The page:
In a reprint of an article he wrote while has was a speechwriter for GM in the 80s, Alan Perlman discusses one of those “troublesome ceremonial speeches”—the introduction
“Ceremonial speeches”—introductions, dedications, thank-you speeches—may be the most troublesome speeches to write. Their goals are unclear, and the audience may not even care what the speaker has to say unless it has sufficient interest and impact.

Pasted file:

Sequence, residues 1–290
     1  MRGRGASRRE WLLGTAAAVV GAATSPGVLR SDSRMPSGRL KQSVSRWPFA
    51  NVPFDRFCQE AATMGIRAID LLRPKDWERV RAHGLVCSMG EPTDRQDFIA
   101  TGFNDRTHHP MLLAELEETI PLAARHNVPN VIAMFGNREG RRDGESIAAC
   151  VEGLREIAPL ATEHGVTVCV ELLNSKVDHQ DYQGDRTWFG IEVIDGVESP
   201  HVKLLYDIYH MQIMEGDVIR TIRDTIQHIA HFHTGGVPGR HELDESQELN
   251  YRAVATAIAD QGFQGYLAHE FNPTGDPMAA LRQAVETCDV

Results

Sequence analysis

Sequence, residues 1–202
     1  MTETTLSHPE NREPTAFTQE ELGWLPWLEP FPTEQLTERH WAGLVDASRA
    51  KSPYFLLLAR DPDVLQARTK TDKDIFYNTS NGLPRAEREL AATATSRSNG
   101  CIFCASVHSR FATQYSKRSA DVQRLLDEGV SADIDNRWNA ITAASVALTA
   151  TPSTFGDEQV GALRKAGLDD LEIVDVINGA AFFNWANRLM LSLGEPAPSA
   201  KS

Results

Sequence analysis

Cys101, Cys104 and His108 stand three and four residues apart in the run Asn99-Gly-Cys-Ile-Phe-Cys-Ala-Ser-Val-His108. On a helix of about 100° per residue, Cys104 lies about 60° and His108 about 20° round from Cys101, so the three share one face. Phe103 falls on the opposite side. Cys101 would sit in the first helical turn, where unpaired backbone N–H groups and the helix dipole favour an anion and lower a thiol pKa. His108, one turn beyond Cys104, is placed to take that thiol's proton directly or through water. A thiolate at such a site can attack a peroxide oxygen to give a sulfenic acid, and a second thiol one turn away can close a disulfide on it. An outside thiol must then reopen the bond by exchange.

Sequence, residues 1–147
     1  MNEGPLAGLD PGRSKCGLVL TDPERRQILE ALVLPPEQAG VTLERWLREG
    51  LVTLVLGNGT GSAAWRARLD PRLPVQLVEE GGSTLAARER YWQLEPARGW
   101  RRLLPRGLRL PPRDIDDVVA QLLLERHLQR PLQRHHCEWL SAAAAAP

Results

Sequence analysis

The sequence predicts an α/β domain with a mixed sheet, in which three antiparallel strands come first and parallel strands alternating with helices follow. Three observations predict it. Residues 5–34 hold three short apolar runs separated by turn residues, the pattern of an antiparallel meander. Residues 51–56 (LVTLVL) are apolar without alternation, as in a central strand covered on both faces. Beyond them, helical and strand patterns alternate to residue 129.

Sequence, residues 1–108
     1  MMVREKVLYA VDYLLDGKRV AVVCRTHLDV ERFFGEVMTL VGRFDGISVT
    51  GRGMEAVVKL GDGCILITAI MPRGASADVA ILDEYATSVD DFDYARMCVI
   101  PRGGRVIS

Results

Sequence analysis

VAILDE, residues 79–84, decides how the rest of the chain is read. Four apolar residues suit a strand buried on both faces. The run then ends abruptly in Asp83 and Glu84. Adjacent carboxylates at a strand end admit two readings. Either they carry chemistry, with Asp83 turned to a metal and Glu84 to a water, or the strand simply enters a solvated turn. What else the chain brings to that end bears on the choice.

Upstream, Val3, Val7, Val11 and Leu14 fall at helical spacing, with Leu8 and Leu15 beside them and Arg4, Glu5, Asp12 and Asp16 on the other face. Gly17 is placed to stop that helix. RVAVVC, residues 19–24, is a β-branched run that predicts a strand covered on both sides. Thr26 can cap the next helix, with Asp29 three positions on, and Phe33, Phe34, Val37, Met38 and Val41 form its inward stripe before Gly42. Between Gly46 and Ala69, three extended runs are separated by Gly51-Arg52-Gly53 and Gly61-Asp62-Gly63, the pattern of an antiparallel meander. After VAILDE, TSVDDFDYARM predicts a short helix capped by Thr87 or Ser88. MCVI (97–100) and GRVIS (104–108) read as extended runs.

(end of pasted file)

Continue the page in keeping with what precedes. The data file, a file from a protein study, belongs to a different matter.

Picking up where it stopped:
Alan Perlman shared the following advice for writing introductions.
Research and preparation
The first step in researching an introduction is “to gather a respectable amount of information on the speaker, on his or her personality and accomplishments, by whatever means you can,” Perlman said. “Talk to people who know the speaker. Very often you can ask, What kind of person is he? and you’ll get a couple of personal anecdotes or nuggets that you can use.” Perlman also suggested looking at Business Week’s annual issue on CEOs, and the company’s latest financial report: “Check out the letter to the shareholders to see what this person’s perspective on the business is.”